3. Thank you for the enlightenment. Mathunga truly have medicinal value. They relieve nasal congestion and brings down fever. Perhaps in this COVID 19 ERA, we should also advise our people to use it.


  4. I take this opportunity and express my joy. Am so happy and delighted learning my culture and traditions. So educative and informative. Keep me posted . Thanks
    On Sat, May 2, 2020, 10:55 Gīkūyū Centre for Cultural Studies wrote:
    > Mũkũyũ posted: ” In traditional Gĩkũyũ society, women drew water from the > nearest river or stream. They carried the water on their backs in a large > earthenware pot, Ndigithũ, or a sizable guard, Kĩnya kĩa maaĩ. The > preferred stopper or lid for the pot was usually the” >


  5. Very imformative, am realizing now how our beautiful culture has been eroded by nyakeru.
    We surely must go back to our roots


  6. Thanks to be my eye opener,Iwish nyumba ya Mumbi will go back to the traditional food and herbs medicine. Thanks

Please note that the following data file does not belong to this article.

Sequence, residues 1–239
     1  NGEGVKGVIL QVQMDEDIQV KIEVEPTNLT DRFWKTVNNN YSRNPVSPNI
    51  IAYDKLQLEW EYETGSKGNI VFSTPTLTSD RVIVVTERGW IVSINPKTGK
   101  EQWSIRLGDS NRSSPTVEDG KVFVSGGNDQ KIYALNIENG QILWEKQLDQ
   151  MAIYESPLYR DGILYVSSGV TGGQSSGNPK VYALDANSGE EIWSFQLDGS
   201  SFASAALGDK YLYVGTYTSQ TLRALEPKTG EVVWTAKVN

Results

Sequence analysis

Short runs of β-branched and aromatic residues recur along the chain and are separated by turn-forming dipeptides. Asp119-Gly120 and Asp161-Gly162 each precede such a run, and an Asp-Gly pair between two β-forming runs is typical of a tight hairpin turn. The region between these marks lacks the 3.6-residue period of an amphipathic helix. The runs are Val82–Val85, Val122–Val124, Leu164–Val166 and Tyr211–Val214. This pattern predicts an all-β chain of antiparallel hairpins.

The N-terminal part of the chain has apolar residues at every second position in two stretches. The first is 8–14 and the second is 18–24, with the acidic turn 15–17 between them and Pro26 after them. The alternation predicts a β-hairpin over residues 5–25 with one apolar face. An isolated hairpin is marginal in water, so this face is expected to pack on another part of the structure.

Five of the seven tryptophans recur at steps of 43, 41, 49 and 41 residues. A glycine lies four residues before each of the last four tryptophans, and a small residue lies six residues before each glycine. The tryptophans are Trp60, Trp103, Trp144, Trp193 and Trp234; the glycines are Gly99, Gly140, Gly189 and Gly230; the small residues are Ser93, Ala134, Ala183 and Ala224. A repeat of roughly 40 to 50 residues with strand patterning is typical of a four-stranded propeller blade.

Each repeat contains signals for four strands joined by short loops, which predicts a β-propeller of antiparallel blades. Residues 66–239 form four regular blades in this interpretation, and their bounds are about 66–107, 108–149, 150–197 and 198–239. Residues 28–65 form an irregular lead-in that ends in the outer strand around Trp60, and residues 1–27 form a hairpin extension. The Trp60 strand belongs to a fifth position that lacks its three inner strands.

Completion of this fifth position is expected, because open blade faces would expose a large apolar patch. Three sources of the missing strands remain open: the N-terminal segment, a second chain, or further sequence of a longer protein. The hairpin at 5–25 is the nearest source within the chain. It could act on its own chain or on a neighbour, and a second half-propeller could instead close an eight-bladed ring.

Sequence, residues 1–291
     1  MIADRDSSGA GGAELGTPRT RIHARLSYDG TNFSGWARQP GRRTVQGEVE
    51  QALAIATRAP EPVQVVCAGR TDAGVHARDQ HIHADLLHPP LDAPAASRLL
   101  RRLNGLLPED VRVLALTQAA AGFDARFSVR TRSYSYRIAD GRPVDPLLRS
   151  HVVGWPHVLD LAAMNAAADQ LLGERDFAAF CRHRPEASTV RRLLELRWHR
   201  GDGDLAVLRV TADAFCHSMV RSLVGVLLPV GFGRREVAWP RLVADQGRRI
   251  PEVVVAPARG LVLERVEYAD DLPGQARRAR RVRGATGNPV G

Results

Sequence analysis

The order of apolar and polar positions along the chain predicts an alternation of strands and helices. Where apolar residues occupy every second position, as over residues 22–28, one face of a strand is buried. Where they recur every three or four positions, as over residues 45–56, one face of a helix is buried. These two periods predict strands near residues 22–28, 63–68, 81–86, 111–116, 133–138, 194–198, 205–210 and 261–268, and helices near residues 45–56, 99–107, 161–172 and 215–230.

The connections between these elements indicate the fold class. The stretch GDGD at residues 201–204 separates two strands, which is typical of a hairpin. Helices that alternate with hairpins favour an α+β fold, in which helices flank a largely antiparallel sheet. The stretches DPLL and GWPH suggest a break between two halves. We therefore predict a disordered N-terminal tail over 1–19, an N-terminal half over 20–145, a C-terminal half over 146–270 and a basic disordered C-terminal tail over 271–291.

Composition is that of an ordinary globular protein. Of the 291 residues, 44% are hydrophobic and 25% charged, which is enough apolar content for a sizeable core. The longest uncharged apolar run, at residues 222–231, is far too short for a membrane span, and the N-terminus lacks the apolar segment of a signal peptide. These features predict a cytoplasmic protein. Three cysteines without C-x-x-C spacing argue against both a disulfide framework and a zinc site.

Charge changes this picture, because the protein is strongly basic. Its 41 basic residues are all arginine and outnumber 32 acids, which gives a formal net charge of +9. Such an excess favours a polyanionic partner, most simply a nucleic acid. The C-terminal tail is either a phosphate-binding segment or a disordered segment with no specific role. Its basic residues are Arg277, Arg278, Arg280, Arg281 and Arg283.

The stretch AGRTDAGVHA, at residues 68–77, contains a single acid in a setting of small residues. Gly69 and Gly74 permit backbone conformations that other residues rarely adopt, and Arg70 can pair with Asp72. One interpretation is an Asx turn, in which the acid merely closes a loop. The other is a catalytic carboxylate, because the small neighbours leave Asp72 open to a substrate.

7. This is great information! Where can one source the Kikuyu Botanical dictionary? The limitations of Western medicine and the harm of western lifestyles have been there for all to see. The need to document and popularize effective remedies from our rich flora and fauna is taking on a new urgency as non-communicable diseases once unknown in our shores soar. What you are doing is invaluable in the long journey of restoring our rich heritage.


  8. My upcountry is Mukurwe-ini and I can’t fathom the number of times you have mentioned it in these stories. I feel much appreciated and I also appreciate you for gathering this knowledge and imparting it on us younger people